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Improving Mental Health in Rural India » Women's Courage

Improving Mental Health in Rural India

March 7th, 2013 by cjtaub Leave a reply »

Today I will be blogging on a community-based mental health intervention for underprivileged women in rural India that appeared in the International journal of Family Medicine. India has over 200 million households living in poverty, one third of the entire world’s poverty. Emotional distress and psychological conditions such as depression are strongly associated with poverty. Women are affected twice as much as men due to factors such as social class, marital and childbearing roles, lack of education, and social oppression. Women also typically do not seek or receive help due to stigma, poverty, lack of awareness, and lack of access to care. His is especially a problem is rural areas. The impaired mental health of these women impacts their quality of life, as well as their economic productivity. Counseling, coping techniques, and breathing exercises have been found to be useful in the management of depression and were employed in this intervention.

This intervention had two components: group counseling and stress management. The group counseling involved ventilation and reassurance and the stress management involved strengthening of coping skills and a relaxation technique. Each session would begin with a group song written by the local women with lyrics emphasizing that life was a cycle of joy and sorrow and sharing and problem-solving in the group could help one face it better. The women would then share or “vent.” The rest of the group would then provide reassurance and coping suggestions for the woman sharing. The session would ending with a relaxing breathing exercise.

Women in the mental health intervention group reported reduction in psychological distress and bodily aches and pains. The majority of the women said that the quality of their sleep improved, which allowed them to carryout their daily tasks without pain and fatigue. Interpersonal problems such as not having a male child and problems with in-laws, were a great source of stress for the women and they said that being able to share their problems with other women in the intervention helped them feel “unburdened” and “lighter.” The women did not have to ruminate over problems in their heads because they could share them with the group. The social support they felt from the other members of the group made gave them a sense of camaraderie in facing the challenges of their lives. The group was a mix of ages, which allowed the young women to learn from the wisdom of the older women and the younger women, who were able to more quickly learn new things could assist the older women.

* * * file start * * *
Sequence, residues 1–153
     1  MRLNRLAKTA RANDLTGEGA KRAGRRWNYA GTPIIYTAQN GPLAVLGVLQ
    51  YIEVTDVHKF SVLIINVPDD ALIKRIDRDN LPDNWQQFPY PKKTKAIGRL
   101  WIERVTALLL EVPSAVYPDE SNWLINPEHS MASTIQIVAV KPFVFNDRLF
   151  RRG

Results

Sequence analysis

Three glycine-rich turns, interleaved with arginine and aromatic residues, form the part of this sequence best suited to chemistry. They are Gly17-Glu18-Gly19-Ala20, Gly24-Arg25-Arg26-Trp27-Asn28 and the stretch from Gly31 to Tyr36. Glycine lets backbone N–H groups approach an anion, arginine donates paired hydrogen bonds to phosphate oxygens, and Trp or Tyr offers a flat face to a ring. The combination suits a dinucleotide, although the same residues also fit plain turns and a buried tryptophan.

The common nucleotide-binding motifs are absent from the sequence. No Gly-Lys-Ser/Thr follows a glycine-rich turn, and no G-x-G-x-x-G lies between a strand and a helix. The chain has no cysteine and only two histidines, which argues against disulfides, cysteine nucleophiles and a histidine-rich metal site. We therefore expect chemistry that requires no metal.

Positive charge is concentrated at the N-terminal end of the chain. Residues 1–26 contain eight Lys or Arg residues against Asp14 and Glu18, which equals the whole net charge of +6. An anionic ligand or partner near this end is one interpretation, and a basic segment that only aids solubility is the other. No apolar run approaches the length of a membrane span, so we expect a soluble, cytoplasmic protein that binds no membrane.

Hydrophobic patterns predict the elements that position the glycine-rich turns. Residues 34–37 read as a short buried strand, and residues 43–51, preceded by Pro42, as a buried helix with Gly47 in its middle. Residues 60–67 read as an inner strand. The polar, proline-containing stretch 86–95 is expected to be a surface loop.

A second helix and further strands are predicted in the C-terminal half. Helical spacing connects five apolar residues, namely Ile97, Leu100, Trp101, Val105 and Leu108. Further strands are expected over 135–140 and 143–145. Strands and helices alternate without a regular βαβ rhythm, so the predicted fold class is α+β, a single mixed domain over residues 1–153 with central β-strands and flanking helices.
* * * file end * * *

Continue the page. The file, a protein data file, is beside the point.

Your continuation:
Here is an example of how one woman’s sharing and the group’s feedback helped improve the woman’s life tremendously. In a group session, the woman told her story about her husband’s chronic illness and his inability to work. She had to care for her husband, in-laws and children and was not making enough money off of their land to do so. A member of the group suggested that she could start a small business to supplement the agricultural income. The woman responded that she could not because her spouse and mother-in-law were against the idea of women engaging in economic activity outside of the house. The group members solved this problem by giving her the idea her to start a small business of selling food products that she could make in the house. They then helped her market her new company. The business ended up being a complete success and even expanded to where they could hire employees.

This intervention not only increased mental health but increased economic opportunity and security for the women in the community, which will feed back positively on mental health from increased feelings of purpose and independence.


Rao, K. Community-Based Mental Health Intervention for Underprivileged Women in Rural India: An Experiential ReportInternational Journal of Family MedicineVolume 2011 (2011), Article ID 621426, 7 pagesdoi:10.1155/2011/621426



1 comment

  1. Meghan says:

    Thanks for writing about this intervention! It’s great to hear about interventions that span multiple issues facing women. Improving mental health via stress reduction is huge, and community group therapy like this seems like an easy, sustainable, and successful way to improve the social support and mental health of women in these communities. I love that beyond improving stress levels and sleeping habits, this intervention was even able to improve the economic situation of some of the women involved. What a perfect example of how both improved mental health can increase the economic state of a community and also women themselves are a valuable asset to the economy.

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